Vol 68, No 1 (2017)
Original paper
Published online: 2017-03-01

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Thyroid lesions in patients with acromegaly — case-control study and update to the meta-analysis

Kosma Woliński, Adam Stangierski, Edyta Gurgul, Barbara Bromińska, Agata Czarnywojtek, Martha Lodyga, Marek Ruchała
Pubmed: 28255974
Endokrynol Pol 2017;68(1):2-6.


Introduction: Acromegaly results from oversecretion of growth hormone and subsequently insulin growth factor-1. According to some authors, the disease can cause increased prevalence of nodular goitre and thyroid cancer (TC). However, the number of studies comparing acromegalic patients with control groups is low. We aimed to assess the prevalence of thyroid lesions in patients with acromegaly in comparison to an age- and sex-matched control group and to update the meta-analysis previously performed in our department by the same authors.

Material and methods: We searched medical documentation of patients with acromegaly treated in our department between 2003 and 2013. The prevalence of thyroid abnormalities was compared with the group of patients with hormonally inactive adrenal incidentalomas. To perform the meta-analytic part of the paper we also searched ten databases to find relevant papers.

Results: Two hundred and five patients with acromegaly and 184 patients with incidentalomas were included. Any thyroid lesions were present in 77.6% of patients with acromegaly vs. 63.0% with incidentalomas (p = 0.002), multinodular goitre — 66.8% vs. 47.8% (p = 0.0002), and TC- 5.4% vs. 2.7% (p = 0.21) respectively. For thyroid lesions the pooled odds ratio (OR) was 3.1 (95% confidence interval [CI] 1.8–5.5), and for TCs the OR was 4.5 (95% CI 1.9–10.3).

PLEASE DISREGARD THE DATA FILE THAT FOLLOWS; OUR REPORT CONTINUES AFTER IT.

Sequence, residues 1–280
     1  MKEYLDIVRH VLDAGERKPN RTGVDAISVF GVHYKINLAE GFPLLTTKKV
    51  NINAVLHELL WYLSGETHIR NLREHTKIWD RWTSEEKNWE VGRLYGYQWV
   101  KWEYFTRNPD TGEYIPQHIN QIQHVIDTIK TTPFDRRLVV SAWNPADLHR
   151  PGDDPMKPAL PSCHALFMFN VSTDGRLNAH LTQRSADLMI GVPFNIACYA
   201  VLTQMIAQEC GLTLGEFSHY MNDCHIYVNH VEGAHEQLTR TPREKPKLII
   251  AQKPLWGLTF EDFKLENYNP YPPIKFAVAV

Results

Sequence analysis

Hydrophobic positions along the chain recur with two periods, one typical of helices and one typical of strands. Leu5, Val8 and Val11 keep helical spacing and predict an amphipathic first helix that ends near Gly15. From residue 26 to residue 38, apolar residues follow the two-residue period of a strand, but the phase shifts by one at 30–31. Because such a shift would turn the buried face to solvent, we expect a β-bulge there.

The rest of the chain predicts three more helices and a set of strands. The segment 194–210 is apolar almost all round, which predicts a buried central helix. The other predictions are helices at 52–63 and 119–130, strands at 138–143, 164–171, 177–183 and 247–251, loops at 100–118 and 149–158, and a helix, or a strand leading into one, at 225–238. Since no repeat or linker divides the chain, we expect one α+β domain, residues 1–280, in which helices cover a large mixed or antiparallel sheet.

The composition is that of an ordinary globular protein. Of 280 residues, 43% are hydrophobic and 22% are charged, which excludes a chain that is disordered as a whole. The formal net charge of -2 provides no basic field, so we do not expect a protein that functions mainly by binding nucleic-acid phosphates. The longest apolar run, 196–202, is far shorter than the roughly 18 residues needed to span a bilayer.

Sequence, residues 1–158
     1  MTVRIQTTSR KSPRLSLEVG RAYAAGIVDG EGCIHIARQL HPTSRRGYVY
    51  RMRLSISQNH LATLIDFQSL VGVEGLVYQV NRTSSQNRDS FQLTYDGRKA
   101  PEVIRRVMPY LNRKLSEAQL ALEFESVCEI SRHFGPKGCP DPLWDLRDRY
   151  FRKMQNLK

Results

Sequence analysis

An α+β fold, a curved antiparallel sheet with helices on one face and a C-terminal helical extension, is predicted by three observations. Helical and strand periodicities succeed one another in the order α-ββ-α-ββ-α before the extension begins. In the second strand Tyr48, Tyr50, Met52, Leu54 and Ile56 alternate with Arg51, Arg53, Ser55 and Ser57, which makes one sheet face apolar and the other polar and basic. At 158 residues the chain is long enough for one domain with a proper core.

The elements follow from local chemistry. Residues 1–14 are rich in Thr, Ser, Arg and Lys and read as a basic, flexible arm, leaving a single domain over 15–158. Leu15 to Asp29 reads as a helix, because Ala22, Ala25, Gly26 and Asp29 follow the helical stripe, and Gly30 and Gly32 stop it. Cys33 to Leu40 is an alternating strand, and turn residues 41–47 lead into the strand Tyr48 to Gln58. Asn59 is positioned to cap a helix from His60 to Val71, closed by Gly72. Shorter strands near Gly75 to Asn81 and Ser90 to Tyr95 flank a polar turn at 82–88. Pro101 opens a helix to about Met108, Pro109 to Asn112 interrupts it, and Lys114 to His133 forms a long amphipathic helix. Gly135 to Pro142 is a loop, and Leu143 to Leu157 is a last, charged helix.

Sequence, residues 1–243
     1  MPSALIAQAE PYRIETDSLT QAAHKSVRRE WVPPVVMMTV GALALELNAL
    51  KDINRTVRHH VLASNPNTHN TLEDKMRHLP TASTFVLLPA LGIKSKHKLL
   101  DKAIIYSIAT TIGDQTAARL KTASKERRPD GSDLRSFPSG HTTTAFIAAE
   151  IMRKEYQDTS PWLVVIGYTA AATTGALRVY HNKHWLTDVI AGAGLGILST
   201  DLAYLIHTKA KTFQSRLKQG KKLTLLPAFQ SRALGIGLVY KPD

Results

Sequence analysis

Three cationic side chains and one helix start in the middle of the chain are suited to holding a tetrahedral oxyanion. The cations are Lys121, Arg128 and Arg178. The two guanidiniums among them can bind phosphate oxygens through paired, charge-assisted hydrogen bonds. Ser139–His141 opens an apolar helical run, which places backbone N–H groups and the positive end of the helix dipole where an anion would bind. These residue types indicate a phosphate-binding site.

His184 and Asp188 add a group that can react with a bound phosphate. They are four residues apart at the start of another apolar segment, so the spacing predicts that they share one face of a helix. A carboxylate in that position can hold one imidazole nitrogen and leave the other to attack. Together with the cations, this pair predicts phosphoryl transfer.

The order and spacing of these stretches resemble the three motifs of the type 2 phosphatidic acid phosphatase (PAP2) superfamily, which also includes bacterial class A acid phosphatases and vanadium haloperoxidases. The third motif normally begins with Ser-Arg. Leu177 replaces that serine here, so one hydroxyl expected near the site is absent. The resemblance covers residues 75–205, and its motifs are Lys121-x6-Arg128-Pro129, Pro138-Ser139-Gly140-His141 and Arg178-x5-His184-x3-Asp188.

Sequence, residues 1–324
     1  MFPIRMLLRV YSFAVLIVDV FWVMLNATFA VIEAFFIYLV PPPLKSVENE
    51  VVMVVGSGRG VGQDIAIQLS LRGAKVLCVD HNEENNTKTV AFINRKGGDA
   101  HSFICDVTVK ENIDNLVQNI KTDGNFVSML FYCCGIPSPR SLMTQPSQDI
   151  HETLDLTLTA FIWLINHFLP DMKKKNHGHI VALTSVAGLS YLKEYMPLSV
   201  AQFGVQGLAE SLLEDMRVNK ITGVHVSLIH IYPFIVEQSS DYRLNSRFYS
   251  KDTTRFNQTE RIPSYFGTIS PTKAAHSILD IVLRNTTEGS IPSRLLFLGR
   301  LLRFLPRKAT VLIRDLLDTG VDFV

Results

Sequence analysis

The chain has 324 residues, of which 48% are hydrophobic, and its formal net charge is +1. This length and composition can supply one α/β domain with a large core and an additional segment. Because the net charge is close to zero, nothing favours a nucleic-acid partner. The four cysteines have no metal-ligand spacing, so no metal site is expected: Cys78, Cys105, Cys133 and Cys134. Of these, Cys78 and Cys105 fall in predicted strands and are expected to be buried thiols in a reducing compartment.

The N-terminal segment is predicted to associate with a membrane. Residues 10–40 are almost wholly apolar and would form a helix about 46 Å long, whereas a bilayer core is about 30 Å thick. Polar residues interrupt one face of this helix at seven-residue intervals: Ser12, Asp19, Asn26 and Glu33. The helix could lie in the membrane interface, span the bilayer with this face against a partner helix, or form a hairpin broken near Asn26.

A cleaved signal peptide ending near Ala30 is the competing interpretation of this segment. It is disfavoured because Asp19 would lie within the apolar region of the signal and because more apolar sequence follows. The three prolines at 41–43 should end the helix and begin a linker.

Conclusions: According to our results thyroid lesions were significantly more common in patients with acromegaly; in case of TC the difference was not significant. The updated meta-analysis showed significantly increased prevalence of both disorders. In conclusion, systematic thyroid examination should be an important part of follow-up in case of acromegalic patients. (Endokrynol Pol 2017; 68 (1): 2–6)

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